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The Key Differences between 4G and 5G

The Key Differences between 4G and 5G

The year 2020 was the period of ardently anticipated fifth-generation mobile telecom technology and expected to be a game-changer in mobile networking. It will be able to get us exponentially fast download and upload speeds.

South Korea was the first country to offer 5G back in 2018 and it is fair to say that the industry has made unbelievable advances since then. The first mobile phone was made in 1973 and today they shape our lives in unimaginable ways. More and more countries will adopt the technology this year and the internet is set to drive everything in our lives.

So, where did it all begin? The year was 1983 and the US approved the 1G operations. Motorola introduced the first-ever mobile phone for the 1G Network. With time, 1G started to roll out in other countries such as the UK and Canada. Let us be honest, the service was poor and the sound quality was low.

However, the advent of the second generation of mobile networks (2G) started a cultural revolution. For the first time, the calls were encrypted and the sound quality was much better. People were able to send text messages and multimedia messages (MMS) through their phones. This lead to the mass adoption of mobile phones by businesses and domestic consumers alike.

We did not stop there. The notion deeply embedded in the human race that entails striving for more and never being content with what you have, played a vital role. We came up with 3G. This was a significant event in human history. The 3G network had increased data transferring capabilities and paved the way for seamless video conferencing and video streaming. Blackberry supported the 3G revolution with its phones that had many powerful features. There was no stopping and we eventually developed more advanced 4G and 5G technologies.

Internet Services like CenturyLink internet are aiming for wider distribution of fiber internet that would be conveniently delivering gigabit speeds, just enough to suit the residential customers since 5G mobile data, no matter how fast it is, can still face interferences but fiber internet will be there to stay even under bad weather conditions.

What are the key differences between 4G and 5G?


We have already discussed that the 5G network uses a high-band spectrum. Therefore, all the big cities and urban centers will have those massive speeds and low latency but in areas where the high-band spectrum is not available, the connection will not be reliable.

In cities where 5G is deployed, it can be a little difficult to stay connected to the 5G internet. For now, your smart device will be using a mix of 4G and 5G. If you are close to the tower, your device will access ultra-fast speeds. If you are not, your device will be using the same old 4G.


We are all in for ultra-fast speeds and download speed is a highly anticipated element of this next-generation network. 5G is set to raise our expectations even more. Right now, it is seen to be 100 times faster than 4G. What could you possibly do with these speeds?

How about downloading a 2.5-hour film in less than 15 seconds? Yes, with 5G that is possible. This ultra-fast internet has obvious applications such as online gaming, 4K streaming, and downloading large files over the internet. However, there are endless possibilities people do not talk of. For example, it can be as simple as putting security cameras in a big factory and one may be able to get high-quality footage of the product in real-time.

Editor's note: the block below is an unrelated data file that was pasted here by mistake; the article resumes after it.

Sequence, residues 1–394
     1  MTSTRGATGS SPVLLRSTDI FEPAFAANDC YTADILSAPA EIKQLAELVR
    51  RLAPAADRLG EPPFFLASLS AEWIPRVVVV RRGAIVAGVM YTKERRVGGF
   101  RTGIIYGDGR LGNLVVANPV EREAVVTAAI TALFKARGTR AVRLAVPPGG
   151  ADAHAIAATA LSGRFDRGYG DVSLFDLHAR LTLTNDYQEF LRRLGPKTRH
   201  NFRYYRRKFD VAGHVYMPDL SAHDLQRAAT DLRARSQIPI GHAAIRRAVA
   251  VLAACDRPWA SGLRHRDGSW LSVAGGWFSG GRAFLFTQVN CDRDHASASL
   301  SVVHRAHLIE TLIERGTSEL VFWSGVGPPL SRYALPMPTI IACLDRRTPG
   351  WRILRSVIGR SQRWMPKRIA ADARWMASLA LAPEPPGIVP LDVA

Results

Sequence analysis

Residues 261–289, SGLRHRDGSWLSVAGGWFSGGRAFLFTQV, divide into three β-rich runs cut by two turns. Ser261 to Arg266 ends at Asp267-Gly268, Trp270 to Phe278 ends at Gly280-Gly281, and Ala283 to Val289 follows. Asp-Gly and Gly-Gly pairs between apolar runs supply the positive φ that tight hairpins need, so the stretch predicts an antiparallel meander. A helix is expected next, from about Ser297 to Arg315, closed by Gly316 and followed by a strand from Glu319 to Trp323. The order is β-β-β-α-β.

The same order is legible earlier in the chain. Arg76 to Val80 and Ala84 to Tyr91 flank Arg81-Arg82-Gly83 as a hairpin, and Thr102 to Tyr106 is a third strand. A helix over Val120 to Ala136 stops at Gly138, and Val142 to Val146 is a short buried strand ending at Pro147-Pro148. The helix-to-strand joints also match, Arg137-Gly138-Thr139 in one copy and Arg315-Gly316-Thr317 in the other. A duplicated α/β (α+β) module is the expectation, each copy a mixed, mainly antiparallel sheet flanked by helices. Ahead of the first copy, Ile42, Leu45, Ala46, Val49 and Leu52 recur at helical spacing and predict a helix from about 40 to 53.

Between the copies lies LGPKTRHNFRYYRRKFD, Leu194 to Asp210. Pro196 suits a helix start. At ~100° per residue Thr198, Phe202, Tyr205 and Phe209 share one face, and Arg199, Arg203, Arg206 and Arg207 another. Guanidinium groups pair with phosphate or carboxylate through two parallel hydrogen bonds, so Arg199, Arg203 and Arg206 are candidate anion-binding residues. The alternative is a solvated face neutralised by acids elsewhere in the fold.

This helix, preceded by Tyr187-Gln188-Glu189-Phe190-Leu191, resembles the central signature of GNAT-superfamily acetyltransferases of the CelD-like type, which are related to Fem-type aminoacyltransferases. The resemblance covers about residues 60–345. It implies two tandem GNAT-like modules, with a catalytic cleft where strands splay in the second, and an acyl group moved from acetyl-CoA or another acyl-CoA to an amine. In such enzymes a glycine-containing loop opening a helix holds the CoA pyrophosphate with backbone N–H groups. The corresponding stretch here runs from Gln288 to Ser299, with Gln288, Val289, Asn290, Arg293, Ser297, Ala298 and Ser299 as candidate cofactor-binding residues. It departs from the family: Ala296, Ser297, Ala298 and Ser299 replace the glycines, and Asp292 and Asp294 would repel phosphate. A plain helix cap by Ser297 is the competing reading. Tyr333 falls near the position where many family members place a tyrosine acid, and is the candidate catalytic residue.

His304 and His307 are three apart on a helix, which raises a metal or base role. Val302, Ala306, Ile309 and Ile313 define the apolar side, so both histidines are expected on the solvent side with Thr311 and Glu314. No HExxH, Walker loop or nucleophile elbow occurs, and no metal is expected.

As the 5G network operates on a high-band spectrum, it is interesting to know that these higher frequencies can transmit much more data than 4G. However, as fast as the signals may be, they remain susceptible to even the slightest of barriers. Expect a significant reduction in speeds as the weather conditions and physical objects will give these signals a hard time passing.

However, by installing small cell sites at shorter distances, we will be able to tackle this issue.


Network congestion is a big problem as more and more people demand access to the internet. You might have experienced a suffocating feeling in small areas crowded with many people – a stadium or an airport. We call it the spinning wheel of death causing the websites and pages to load slowly.

This is because of a phenomenon called congestion. It happens if too many people are using the network at one time or the present network infrastructure cannot cater to the mass number of devices. This results in slower download speeds and a delayed response.

5G is a new technology and since the purpose of new technology is to overcome the shortcomings of the previous one, it provides a solution to network congestion. This next generation of networking has a significantly larger capacity than 4G. As a result, you will be entitled to a better connection on your phone even in the most crowded spaces. Furthermore, it will handle a greater number of devices without any congestion.

5G is like a freeway with more lanes for cars to drive on. Therefore, everything will be connected to the 5G network at one time without worrying about disconnection or lags in speed.

In short, We have a long way to go. We are not there yet. It will probably take another couple of years for 5G to be as ubiquitous as the widely available fourth-generation network a.k.a 4G. However, it is good that we are taking baby steps into the future.

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